The biggest and most expensive waterproofing company in town isn’t the only solution. For example, I used American Perfection to waterproof a wet basement. It cost around $4,500 and worked like a dream. They spend half a day digging a trench in your basement, adding sump pump(s) and a french drain - and I never had a wet basement problem again. That was a lot more affordable than $10,000 or even $20,000!
There's likely contractors who can identify exactly what needs to be done. Maybe you only need a sump pump. Maybe you need the foundation to be trenched. Maybe you need a different solution.
I sell houses, I don't build them. I don't waterproof them. I know enough to be dangerous, and I'm passing that knowledge on to you.
At the very least, you now know to call multiple people to get quotes and to find out exactly what needs to be done. Hopefully it's an easy solution. Like just doing a little bit of landscaping or cleaning out those gutters or something, but don't fall prey to the biggest price ticket possible out there.
Then, once you have fixed the problem...
What if you feel like you've been lied to?
For example, that house that I waterproofed - the day I closed on it there were INCHES of water in the basement. The previous owners said, “No, we've never had a water problem.”
Seems suspicious. I have no idea how they didn't know but they didn't. If I knew then what I know now, I might have taken legal action.
Instead, I fixed the problem myself. I dealt with having a wet basement for a few years and then I finally fixed it by waterproofing after I'd saved up the money.
So how you deal with feeling like you've been lied to is 100% your choice.
If you need to call “Judge Judy” and go to court, and sue everyone you can think of, I totally support you.
Here's how that works. Obviously, I am a real estate agent, not an attorney. So that would be my first recommendation - get an attorney.
The problem with suing people (in my opinion), is that the onus of proof is on the buyer. And that sounds like legal terms, but I swear to God, I'm not a lawyer.
The onus of proof is on the buyer. That means that you have to prove in court to “Judge Judy”, that you were lied to, and that's difficult.
So, how do you know that the previous owner didn't have water problems? How do you know that this historical rain is not actually the very first time the basement has flooded? Maybe it never happened before.
A lot of times people talk to neighbors who can be the best resource in helping you determine if the seller lied when they told you there was no water in the basement. A casual conversation where people say, “Every summer, this whole street, everybody including your house, we all have our carpets out in the driveway drying off from the rain. Anytime it rains more than two inches in a day everybody gets water in their basement.” Neighbors usually know what's going on.
If you take the time and the money to invest in some form of litigation, arbitration, mediation, or other legal action then you’ll want to have that to support your case. Because your opinion may not get you very far with “Judge Judy”, if that makes sense.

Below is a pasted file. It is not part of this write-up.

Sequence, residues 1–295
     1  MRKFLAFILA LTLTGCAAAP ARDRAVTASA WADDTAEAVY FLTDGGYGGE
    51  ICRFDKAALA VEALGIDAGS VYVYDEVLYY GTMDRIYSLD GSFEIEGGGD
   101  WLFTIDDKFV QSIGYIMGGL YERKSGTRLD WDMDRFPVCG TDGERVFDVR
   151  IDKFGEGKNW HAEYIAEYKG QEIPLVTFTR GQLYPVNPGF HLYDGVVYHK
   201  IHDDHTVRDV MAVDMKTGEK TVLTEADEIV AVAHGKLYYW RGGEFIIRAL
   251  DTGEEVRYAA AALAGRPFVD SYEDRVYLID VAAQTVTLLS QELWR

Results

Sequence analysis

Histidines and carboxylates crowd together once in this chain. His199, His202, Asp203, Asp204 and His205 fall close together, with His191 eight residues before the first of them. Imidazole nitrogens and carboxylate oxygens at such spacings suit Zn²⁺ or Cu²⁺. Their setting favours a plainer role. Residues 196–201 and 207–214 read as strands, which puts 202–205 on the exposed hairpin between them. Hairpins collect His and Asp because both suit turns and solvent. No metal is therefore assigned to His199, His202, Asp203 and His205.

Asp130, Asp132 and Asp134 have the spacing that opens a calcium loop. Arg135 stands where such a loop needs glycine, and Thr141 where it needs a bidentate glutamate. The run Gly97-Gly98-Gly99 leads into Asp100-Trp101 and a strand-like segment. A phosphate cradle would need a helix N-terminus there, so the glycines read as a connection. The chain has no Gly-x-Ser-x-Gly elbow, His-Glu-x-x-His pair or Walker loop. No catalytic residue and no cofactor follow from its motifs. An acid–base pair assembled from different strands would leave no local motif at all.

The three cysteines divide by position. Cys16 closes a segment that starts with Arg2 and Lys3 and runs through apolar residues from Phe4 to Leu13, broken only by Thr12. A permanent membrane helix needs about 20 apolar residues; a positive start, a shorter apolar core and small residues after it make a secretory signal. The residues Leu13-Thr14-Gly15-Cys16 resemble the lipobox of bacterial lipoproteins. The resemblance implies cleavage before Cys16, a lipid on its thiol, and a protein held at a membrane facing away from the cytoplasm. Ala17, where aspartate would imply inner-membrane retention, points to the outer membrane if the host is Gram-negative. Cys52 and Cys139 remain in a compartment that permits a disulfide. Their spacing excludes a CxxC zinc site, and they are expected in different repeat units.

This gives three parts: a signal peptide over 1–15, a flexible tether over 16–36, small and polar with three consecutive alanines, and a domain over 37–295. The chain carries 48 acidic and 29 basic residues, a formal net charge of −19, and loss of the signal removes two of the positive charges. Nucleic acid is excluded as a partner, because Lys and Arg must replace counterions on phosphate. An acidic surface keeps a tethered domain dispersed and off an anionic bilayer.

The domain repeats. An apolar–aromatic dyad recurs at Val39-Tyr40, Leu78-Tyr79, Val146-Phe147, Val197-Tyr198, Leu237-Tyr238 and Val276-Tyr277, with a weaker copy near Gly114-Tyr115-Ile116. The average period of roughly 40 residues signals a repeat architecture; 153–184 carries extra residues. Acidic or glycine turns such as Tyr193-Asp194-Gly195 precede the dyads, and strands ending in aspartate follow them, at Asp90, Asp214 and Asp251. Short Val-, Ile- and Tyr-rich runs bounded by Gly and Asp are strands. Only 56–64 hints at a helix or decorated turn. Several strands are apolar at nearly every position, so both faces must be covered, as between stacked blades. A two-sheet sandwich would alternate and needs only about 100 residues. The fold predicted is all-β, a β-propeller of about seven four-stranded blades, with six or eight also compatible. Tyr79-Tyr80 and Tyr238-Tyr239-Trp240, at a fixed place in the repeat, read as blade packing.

It could be a difficult fight, but it might be worth it. Sometimes people are reimbursed for the cost of waterproofing. Sometimes they may walk away with nothing and feel like they wasted a lot of time and money.
Not everybody is completely honest. And that's really unfortunate, but that's how it is. So it's entirely possible the seller mistakenly disclosed that there was no water. Or perhaps they intentionally did not disclose the basement water problems. It’s hard to say for sure.
Taking legal action is the last step. You definitely have to clean up the problem. Find out where the problem is coming from and fix it before you go to court.
Whatever you do, do not leave yourself living in a house with a wet basement, while you wait months for the legal system to work on your behalf.
That's that's my two cents today on what you should do if you have a wet basement.
And, here's a third cent.
Now that you own the house, this is 100% your responsibility to fix. You might think “well, I’ll just sell this and get a new house that doesn’t have a wet basement.” but it’s going to be difficult to sell a house with a wet basement, especially if it’s made a big mess.
Maybe you bought the house and the disclosure said there’s a “trickle of water during a heavy rain” but now you’ve lived there and you know it’s actually a LAKE of water when it rains. Unfortunately, now you will have to disclose that material defect.
Some people might be ok with a wet basement as long as you’ve properly disclosed it. But some people might be discouraged from buying it which might make it tricky for you to sell.
That’s my two cents plus a bonus cent. If you need anything, if you have any questions, or you want some names of the contractors that I would recommend - send a message to firstname.lastname@example.org and we’ll get you hooked up.